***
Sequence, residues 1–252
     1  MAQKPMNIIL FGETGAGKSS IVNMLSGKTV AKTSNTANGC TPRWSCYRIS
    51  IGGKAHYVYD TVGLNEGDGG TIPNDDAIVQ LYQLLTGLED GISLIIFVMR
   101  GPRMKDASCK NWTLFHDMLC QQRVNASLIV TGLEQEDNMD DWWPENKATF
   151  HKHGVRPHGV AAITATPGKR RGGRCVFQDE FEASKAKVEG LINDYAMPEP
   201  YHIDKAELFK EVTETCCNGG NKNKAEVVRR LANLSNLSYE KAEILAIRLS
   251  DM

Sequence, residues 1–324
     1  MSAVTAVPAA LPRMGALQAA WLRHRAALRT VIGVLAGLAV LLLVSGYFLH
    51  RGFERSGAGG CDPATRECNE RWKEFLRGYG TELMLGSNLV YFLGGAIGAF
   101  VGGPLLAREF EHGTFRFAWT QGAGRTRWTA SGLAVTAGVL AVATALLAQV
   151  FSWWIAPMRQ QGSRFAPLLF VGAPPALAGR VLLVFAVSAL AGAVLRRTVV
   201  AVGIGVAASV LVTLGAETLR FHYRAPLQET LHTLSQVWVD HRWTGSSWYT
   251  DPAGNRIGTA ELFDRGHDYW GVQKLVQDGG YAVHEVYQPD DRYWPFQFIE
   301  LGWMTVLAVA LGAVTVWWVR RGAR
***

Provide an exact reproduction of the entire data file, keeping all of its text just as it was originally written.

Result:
Sequence, residues 1–252
     1  MAQKPMNIIL FGETGAGKSS IVNMLSGKTV AKTSNTANGC TPRWSCYRIS
    51  IGGKAHYVYD TVGLNEGDGG TIPNDDAIVQ LYQLLTGLED GISLIIFVMR
   101  GPRMKDASCK NWTLFHDMLC QQRVNASLIV TGLEQEDNMD DWWPENKATF
   151  HKHGVRPHGV AAITATPGKR RGGRCVFQDE FEASKAKVEG LINDYAMPEP
   201  YHIDKAELFK EVTETCCNGG NKNKAEVVRR LANLSNLSYE KAEILAIRLS
   251  DM

Sequence, residues 1–324
     1  MSAVTAVPAA LPRMGALQAA WLRHRAALRT VIGVLAGLAV LLLVSGYFLH
    51  RGFERSGAGG CDPATRECNE RWKEFLRGYG TELMLGSNLV YFLGGAIGAF
   101  VGGPLLAREF EHGTFRFAWT QGAGRTRWTA SGLAVTAGVL AVATALLAQV
   151  FSWWIAPMRQ QGSRFAPLLF VGAPPALAGR VLLVFAVSAL AGAVLRRTVV
   201  AVGIGVAASV LVTLGAETLR FHYRAPLQET LHTLSQVWVD HRWTGSSWYT
   251  DPAGNRIGTA ELFDRGHDYW GVQKLVQDGG YAVHEVYQPD DRYWPFQFIE
   301  LGWMTVLAVA LGAVTVWWVR RGAR